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Labour Market Institutions and Macroeconomic Shocks

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  • Yu-Fu Chen
  • Dennis Snower
  • Gylfi Zoega

Abstract

Macroeconomic shocks and labour-market institutions jointly determine employment growth and economic performance. The effect of shocks depends on the nature of these institutions and the effect of institutional change depends on the macroeconomic environment. It follows that a given set of institutions may be appropriate at certain times in some countries while not appropriate elsewhere. We derive a dynamic model of labour demand in which the effect of firing costs on labour demand depends on the macroeconomic environment: When the level of macroeconomic activity is expected to drop and/or the trend rate of productivity growth is small, a rise in firing costs affects mainly (and adversely) the hiring decision and not the firing decision. This makes firing costs harmful when they may appear to be most appropriate. The intuition behind these results is quite straightforward: When managers fear that demand may fall in the future they value the right to fire workers. It follows that by making this option more costly, firing costs reduce the value of workers with adverse consequences for hiring and firing.

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Bibliographic Info

Paper provided by Economic Studies, University of Dundee in its series Dundee Discussion Papers in Economics with number 123.

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Date of creation: May 2001
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Handle: RePEc:dun:dpaper:123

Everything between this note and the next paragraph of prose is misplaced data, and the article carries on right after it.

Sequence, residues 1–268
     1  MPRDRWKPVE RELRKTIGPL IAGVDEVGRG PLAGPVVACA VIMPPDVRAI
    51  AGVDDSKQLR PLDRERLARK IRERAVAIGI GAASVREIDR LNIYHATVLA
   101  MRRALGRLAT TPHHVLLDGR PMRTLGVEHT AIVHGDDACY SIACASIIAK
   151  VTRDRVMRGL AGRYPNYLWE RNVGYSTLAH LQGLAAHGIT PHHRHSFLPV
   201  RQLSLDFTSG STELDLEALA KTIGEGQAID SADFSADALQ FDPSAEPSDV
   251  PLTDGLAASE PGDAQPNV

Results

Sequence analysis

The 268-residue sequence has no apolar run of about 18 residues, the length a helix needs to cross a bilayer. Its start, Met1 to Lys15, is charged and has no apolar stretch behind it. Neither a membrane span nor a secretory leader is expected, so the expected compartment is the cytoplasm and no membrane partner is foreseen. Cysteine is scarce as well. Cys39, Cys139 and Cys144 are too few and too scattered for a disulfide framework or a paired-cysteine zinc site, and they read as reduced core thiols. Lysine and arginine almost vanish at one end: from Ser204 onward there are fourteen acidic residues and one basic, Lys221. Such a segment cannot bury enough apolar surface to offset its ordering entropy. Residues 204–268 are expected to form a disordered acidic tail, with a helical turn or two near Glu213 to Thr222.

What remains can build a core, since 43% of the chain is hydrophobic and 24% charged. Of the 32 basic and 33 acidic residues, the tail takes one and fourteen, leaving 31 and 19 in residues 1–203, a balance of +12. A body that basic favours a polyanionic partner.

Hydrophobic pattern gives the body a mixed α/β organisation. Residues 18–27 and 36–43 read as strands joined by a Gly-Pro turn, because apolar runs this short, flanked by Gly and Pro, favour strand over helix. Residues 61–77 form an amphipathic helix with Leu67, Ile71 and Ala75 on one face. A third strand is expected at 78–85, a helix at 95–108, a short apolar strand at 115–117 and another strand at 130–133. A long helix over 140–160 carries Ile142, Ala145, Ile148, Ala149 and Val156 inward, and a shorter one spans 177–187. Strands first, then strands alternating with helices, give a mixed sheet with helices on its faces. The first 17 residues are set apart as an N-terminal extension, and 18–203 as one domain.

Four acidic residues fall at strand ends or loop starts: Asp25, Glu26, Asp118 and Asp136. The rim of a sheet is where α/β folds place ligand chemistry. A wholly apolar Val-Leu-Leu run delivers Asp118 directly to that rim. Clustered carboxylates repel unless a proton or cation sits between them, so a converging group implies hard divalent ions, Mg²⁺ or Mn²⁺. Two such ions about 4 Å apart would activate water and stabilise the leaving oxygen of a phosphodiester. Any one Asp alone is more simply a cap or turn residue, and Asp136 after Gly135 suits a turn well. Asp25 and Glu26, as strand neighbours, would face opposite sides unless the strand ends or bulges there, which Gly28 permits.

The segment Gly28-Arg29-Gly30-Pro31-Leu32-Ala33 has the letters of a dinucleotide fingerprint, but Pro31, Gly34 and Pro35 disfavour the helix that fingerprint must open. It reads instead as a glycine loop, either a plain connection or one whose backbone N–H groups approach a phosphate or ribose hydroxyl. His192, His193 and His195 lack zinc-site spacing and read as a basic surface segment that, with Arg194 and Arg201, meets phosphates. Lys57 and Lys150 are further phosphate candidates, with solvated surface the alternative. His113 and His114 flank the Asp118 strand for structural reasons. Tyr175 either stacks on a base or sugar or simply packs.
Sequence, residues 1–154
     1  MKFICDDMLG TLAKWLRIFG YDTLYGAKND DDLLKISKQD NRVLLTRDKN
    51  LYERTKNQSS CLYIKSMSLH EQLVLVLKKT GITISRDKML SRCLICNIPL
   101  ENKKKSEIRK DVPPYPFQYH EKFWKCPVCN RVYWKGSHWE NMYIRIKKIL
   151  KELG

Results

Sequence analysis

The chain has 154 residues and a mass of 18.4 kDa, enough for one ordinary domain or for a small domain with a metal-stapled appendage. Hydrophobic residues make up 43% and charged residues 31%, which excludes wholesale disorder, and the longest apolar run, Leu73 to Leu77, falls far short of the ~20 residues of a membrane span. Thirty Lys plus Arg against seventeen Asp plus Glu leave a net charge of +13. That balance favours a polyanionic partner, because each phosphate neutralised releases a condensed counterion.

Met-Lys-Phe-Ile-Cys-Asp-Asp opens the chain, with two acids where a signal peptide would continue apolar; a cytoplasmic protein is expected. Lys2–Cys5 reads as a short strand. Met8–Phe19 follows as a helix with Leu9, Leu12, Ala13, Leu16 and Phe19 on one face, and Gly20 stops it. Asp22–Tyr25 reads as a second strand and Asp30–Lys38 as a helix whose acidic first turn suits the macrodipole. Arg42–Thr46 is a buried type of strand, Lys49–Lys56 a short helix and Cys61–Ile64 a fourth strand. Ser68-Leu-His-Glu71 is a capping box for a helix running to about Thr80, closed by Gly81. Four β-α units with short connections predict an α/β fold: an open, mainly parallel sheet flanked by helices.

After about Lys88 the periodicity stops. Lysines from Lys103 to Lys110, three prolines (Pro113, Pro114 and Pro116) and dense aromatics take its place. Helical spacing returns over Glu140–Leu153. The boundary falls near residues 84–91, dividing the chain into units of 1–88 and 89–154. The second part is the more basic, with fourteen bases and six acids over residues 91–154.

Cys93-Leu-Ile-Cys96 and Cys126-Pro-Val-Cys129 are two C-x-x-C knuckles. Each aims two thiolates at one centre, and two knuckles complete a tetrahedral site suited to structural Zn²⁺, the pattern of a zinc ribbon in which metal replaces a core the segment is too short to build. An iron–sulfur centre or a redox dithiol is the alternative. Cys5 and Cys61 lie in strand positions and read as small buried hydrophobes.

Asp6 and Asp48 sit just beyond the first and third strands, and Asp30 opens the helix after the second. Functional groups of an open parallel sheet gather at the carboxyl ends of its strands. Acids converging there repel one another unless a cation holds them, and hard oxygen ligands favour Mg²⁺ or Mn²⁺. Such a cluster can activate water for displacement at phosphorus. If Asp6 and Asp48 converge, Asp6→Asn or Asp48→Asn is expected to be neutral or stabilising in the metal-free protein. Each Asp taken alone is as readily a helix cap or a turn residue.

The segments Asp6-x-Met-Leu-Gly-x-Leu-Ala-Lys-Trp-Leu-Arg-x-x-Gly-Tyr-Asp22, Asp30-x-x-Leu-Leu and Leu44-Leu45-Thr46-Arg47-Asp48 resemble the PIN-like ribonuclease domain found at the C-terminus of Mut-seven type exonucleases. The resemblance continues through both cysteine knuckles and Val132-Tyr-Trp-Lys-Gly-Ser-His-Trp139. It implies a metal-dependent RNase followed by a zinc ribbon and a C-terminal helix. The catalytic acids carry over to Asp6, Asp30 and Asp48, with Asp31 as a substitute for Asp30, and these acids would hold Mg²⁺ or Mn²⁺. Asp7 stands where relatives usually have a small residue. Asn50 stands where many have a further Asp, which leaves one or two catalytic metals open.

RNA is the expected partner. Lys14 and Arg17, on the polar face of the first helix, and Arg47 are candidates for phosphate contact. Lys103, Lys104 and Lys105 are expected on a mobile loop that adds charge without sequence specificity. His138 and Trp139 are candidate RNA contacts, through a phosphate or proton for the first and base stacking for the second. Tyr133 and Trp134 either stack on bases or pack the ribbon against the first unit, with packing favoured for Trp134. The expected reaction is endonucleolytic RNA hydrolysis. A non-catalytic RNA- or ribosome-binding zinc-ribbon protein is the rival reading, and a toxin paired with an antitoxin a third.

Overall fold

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References

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  1. Tito Boeri & Giuseppe Nicoletti & Stefano Scarpetta, . "Regulation and Labour Market Performance," Working Papers 158, IGIER (Innocenzo Gasparini Institute for Economic Research), Bocconi University.
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Citations

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Cited by:
  1. Steffen Ahrens & Dennis Wesselbaum, 2009. "On the Introduction of Firing Costs," Kiel Working Papers 1559, Kiel Institute for the World Economy.
  2. H Buscher & C Dreger & R Ramos & J Surinach, 2009. "The Impact of Institutions on the Employment Performance in European Labour Markets," Economic Issues Journal Articles, Economic Issues, vol. 14(1), pages 17-34, March.
  3. Roger Bjørnstad & Kjartan Øren Kalstad, 2006. "Increased Price Markup from Union Coordination. OECD Panel Evidence," Discussion Papers 470, Research Department of Statistics Norway.
  4. Kim, Jaewon, 2011. "Why do Some Studies Show that Generous Unemployment Benefits Increase Unemployment Rates? A Meta-Analysis of Cross-Country Studies," Research Papers in Economics 2011:18, Stockholm University, Department of Economics.
  5. Diaz-Vazquez, Pilar & Snower, Dennis J., 2004. "On-the-Job Training, Firing Costs and Employment," CEPR Discussion Papers 4241, C.E.P.R. Discussion Papers.
  6. Yu-Fu Chen & Michael Funke, 2003. "Labour Demand in Germany: An Assessment of Non-Wage Labour Costs," CESifo Working Paper Series 952, CESifo Group Munich.
  7. Yu-Fu Chen & Gylfi Zoega, 2011. "Floating Exchange Rates as Employment Protection," DEGIT Conference Papers c016_038, DEGIT, Dynamics, Economic Growth, and International Trade.
  8. Norbert Berthold & Rainer Fehn, 2003. "Unemployment in Germany: Reasons and Remedies," CESifo Working Paper Series 871, CESifo Group Munich.
  9. Henin, Pierre-Yves & Weitzenblum, Thomas, 2005. "Employment protection and the stock market: the common shock case," Economic Modelling, Elsevier, vol. 22(1), pages 127-146, January.
  10. Robert Krol & Shirley Svorny, 2007. "Unions and Employment Growth: Evidence from State Economic Recoveries," Journal of Labor Research, Springer, vol. 28(3), pages 525-535, July.
  11. Martin Heipertz & Melanie Ward-Warmedinger, 2008. "Economic and Social Models in Europe and the Importance of Reform," Financial Theory and Practice, Institute of Public Finance, vol. 32(3), pages 255-287.

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